According to a new study, men prefer women with curvier hips. The study adds that it is not the size of the butt that attracts men but the curve of the spine.
The new study, which was conducted by the researchers from the University of Texas at Austin, found that men are programmed to be attracted to women with an “optimal” lumbar curvature of 45.5 degrees from back to buttocks. The researchers added that since ancient times, men have preferred women with curvier butts because they would have been better at foraging during pregnancy.
David Lewis, psychologist at the University of Texas, and the lead author of the study, said, “This spinal structure would have enabled pregnant women to balance their weight over the hips. These women would have been more effective at foraging during pregnancy and less likely to suffer spinal injuries. In turn, men who preferred these women would have had mates who were better able to provide for fetus and offspring, and who would have been able to carry out multiple pregnancies without injury.”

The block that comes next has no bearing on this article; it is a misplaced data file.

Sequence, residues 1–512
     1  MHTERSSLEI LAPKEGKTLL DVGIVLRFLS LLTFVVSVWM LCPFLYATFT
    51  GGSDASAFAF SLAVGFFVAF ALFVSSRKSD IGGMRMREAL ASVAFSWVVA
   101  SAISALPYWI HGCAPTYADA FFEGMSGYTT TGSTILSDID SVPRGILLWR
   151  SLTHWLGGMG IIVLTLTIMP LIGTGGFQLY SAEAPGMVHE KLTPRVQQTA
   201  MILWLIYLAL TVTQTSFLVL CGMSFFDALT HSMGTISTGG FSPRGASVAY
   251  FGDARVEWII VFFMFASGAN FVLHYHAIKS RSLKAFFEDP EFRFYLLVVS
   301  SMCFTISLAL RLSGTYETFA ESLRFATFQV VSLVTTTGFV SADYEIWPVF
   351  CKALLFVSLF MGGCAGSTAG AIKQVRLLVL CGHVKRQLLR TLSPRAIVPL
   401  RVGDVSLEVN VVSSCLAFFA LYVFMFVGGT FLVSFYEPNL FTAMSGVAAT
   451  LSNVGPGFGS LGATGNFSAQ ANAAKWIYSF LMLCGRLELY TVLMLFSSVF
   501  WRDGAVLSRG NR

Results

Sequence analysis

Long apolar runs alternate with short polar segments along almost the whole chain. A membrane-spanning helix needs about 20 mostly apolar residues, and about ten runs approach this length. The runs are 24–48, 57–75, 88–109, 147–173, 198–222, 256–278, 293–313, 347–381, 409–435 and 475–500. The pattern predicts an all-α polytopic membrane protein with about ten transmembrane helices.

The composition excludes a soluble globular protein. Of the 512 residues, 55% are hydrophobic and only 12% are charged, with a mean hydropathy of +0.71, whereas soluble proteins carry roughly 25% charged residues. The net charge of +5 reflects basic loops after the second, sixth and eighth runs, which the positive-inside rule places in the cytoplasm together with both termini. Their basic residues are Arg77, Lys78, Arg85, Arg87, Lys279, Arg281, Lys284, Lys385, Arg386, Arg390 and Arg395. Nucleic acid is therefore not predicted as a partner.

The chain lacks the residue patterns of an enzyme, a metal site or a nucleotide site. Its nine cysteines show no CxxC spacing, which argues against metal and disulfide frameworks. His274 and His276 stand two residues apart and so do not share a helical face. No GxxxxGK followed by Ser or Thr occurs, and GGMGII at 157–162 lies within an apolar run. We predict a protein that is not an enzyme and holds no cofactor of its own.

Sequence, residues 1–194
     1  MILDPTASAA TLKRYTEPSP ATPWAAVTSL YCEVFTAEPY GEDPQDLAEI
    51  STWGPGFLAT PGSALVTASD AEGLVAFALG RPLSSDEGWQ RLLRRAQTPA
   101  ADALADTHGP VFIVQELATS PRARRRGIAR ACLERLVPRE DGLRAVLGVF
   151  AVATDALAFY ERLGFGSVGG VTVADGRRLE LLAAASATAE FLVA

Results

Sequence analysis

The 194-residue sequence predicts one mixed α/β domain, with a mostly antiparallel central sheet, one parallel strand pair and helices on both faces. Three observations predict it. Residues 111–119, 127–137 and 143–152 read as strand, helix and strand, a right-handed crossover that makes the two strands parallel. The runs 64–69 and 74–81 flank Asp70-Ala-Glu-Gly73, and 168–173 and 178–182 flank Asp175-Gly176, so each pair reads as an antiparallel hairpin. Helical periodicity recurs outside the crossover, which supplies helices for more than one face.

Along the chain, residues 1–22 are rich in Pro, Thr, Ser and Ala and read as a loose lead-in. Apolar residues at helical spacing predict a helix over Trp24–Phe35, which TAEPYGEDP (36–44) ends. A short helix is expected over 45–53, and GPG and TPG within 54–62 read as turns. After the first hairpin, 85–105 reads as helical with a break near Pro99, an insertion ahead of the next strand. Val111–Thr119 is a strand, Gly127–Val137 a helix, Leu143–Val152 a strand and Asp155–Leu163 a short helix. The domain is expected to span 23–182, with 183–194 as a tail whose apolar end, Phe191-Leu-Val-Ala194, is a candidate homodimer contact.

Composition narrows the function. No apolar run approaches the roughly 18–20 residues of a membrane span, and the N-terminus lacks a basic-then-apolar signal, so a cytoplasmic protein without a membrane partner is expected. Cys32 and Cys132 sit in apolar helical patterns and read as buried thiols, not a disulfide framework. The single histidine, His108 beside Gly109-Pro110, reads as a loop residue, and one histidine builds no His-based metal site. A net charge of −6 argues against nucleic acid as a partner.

For their study, the researcher asked 200 men to rate the attractiveness of several manipulated images showing spinal curves across the natural spectrum. They were most attracted to the images where women had the optimum curvature of 45.5 degrees.
The researchers then asked if the men preferred this angle because it reflects larger buttocks, or if it was related to the actual angle of the spine.
They found that, of the 200 men presented with images of women with different buttock size, almost all of them consistently preferred women whose spinal curvature was closer to the optimal 45.5 degrees. Men consistently preferred women who possessed the optimal spinal curvature, regardless of how big their buns were.
Eric Russell, visiting researcher at the University of Texas, and one of the members of the study, added, “This enabled us to conclusively show that men prefer women who exhibit specific angles of spinal curvature over buttock mass.”
The findings were published in the Evolution and Human Behavior journal.